Beijing has long had some of the world’s strictest Internet controls. But after pro-democracy demonstrations broke out in the Middle East in January, the Chinese government seems to have intensified effort to censor Web content and disrupt Web searches related to calls for similar protests in China.
China currently blocks other social media sites so prominently featured in pro-democracy demonstrations in other countries recently like YouTube, Twitter and Facebook.
Both quotes are from The New York Times.
Meanwhile, China has intensified condemnation of Libyan air strikes and Libya’s top oil official in Tripoli said that oil contracts could be offered directly to China. Along with Russia, China abstained from a U.N. resolution calling for a ceasefire in Libya. India has also criticized the attacks on Libya.
As if that wasn’t enough, China recently was targeted in the crosshairs of none other than Sarah Palin:
I personally have huge military concerns about what is going on in China. What’s with the buildup? You don’t see a tangible outside threat . . . to that country. Is that just for a defensive posture? How can that be? Stockpiling ballistic missiles, submarines, new-age ultramodern fighter aircrafts. It certainly means America needs to be vigilant looking at what China is doing.
–Sarah Palin, speaking in India, March 19, 2011 (Source.)
The destinies of the United States and China seem to be converging in a variety of ways. The question is, how will that all play out? Will we ever so pro-democracy demonstrations in China like we’ve seen in Egypt and other countries? It sure seems unlikely but 2011 has been a strange year so far. Who knows?
Association out of sync
The dawn of the 21st century was the dawn of a new era. We had it all – or so we thought.
First, it was the 21st century. If that doesn’t sound ultra modern and bitchin’ then I don’t know what does.
Then we had the computer, improving life for us all. Some didn’t even require hourly rebooting. Our technological leaps were truly impressive.
Lastly, we had the internet, the magical conduit to all things possible.
There, at the apex of our society, came YouTube, at long last bringing audio out of sync with video to the masses. At last we had it all. At last we had achieved true greatness.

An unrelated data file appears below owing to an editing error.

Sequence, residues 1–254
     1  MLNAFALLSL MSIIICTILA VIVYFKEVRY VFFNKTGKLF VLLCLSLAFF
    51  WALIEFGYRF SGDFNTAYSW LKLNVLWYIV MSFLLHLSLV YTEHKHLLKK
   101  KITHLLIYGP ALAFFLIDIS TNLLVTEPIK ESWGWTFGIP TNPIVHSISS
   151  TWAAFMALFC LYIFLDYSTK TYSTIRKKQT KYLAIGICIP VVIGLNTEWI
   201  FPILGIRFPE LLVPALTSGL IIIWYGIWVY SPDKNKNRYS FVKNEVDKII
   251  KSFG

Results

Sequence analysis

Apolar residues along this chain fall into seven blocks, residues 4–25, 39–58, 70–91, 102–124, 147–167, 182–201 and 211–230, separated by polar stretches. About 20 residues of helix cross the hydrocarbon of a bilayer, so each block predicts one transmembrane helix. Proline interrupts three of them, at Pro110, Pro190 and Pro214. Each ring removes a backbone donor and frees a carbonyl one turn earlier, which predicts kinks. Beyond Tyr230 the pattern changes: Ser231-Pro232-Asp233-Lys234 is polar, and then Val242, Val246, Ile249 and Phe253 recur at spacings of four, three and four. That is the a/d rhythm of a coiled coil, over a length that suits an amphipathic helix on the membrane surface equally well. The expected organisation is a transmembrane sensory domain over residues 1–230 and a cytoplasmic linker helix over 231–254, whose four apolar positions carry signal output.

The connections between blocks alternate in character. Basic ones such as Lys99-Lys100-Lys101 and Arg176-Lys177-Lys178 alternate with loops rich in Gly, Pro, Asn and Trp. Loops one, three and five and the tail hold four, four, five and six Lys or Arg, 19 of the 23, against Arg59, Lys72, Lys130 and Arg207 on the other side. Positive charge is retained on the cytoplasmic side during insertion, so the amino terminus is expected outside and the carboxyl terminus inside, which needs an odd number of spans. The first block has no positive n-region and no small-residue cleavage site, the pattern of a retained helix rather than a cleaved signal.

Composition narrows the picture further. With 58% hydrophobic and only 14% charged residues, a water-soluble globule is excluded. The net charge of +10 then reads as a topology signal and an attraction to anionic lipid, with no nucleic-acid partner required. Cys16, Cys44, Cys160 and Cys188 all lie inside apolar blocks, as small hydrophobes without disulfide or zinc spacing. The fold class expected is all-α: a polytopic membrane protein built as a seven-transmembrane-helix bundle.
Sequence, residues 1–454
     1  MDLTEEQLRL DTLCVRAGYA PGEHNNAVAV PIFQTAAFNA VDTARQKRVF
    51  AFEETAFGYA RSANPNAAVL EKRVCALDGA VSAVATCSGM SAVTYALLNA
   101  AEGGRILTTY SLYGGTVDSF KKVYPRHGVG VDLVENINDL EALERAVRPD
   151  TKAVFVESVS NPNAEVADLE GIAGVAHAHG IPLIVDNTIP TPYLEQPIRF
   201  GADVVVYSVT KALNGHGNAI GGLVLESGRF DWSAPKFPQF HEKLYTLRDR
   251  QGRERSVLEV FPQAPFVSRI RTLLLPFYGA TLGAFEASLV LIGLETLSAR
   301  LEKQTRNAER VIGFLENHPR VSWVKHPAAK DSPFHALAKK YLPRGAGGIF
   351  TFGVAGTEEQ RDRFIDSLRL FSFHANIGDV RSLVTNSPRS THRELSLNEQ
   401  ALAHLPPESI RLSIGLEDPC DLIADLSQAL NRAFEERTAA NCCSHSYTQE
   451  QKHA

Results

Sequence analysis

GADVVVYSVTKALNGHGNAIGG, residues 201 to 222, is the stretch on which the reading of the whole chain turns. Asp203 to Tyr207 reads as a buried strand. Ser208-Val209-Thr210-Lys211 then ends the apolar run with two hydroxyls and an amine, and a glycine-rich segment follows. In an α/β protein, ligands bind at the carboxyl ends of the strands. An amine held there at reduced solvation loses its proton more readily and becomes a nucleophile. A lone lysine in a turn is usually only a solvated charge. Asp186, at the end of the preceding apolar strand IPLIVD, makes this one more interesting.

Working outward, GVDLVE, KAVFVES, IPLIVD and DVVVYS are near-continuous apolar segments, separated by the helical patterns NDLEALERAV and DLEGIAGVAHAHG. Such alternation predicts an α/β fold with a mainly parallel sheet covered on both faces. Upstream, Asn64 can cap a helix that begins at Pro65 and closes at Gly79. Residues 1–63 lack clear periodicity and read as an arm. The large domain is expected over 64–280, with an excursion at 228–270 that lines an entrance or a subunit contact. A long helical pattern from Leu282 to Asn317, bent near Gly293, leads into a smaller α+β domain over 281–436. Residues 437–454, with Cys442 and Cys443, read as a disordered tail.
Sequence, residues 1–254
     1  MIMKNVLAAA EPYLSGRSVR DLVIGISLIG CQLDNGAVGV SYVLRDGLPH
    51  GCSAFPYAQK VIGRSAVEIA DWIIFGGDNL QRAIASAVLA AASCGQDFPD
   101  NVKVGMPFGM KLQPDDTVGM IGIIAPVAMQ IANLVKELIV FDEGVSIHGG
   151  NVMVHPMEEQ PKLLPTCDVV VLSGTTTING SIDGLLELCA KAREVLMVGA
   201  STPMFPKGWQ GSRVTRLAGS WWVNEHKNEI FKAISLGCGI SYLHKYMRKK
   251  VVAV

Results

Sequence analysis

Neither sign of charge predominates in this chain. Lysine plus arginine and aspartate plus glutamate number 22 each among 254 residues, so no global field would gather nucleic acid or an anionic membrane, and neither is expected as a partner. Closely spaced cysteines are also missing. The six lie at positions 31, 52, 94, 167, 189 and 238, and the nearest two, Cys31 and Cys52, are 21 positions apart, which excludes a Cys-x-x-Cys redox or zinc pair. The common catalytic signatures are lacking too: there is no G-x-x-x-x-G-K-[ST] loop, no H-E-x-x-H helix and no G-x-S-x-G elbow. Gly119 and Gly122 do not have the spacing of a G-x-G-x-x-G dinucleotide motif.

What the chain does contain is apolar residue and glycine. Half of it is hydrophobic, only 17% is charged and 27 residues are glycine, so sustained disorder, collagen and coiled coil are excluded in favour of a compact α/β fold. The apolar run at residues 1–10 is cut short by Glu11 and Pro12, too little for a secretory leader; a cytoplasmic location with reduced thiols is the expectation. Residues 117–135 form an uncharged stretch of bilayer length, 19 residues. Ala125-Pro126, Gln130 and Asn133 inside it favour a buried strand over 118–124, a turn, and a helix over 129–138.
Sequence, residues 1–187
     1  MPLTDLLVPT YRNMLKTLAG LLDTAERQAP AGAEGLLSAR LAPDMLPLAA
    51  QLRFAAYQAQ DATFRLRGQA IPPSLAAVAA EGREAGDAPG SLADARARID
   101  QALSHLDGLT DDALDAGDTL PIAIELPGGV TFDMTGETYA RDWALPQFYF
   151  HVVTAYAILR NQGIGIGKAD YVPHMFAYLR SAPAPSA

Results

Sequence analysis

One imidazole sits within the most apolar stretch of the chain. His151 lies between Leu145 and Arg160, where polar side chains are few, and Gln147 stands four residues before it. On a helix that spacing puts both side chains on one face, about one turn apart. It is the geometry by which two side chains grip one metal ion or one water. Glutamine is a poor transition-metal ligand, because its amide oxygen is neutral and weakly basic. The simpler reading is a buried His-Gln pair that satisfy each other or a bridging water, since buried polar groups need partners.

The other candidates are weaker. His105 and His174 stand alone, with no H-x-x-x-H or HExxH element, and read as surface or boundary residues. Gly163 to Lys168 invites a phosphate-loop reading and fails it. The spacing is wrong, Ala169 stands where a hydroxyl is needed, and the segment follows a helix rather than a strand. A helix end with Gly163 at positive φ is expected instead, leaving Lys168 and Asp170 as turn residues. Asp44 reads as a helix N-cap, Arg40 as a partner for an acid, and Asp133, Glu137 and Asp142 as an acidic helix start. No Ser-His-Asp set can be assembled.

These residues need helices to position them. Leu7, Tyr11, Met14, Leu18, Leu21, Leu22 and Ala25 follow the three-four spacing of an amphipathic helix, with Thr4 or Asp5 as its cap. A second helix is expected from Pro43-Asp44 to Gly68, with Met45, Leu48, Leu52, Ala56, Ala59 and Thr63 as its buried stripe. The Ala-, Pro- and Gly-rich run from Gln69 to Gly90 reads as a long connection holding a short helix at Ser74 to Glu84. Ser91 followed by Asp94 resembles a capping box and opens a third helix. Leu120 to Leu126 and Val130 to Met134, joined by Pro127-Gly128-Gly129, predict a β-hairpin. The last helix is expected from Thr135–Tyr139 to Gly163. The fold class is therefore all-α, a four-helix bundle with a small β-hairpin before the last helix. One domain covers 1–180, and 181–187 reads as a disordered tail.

Never before in the history of civilization had the entertainment value of out-of-sync audio been made available to so many. Advanced nations around the world had finally achieved the dream and we able to relax and enjoy the good life, one filled with blurry and confusing sound and images. And it was YouTube that made it all possible.
Some took the easy way out and compensated for the effect with drugs, which they said made the videos watchable again. But most chose to confront reality head on, grapple with it, and eventually fail.
In their memory I offer this rousing clip:
Good news and bad news – RAWR
First the good news: I just made a YouTube video where I completely and utterly own the IP (intellectual property) rights. It’s mine, all mine! Mwuhahahahaha!
What does that mean? Several things, actually.
Some douchebag lawyer in an office building can’t decide it infringes on anything and go whining to YouTube. And YouTube can’t give up a weak knee-jerk response and pull the damn thing down before they even stop to check what’s in it.
It also means that since I’m the content owner that the video won’t be restricted based on country. (What? There are people outside of the United States? Who knew!) It’s almost like we’re not even the only people who matter. So yes, even my friends who are not in country will be able to watch.
Another perk is that I can embed the damn thing as much as I want. Eat that, You Tube.
Gee, that’s a lot of +1 goodness.
Now for the bad news: The video is my cat craving an ice cube.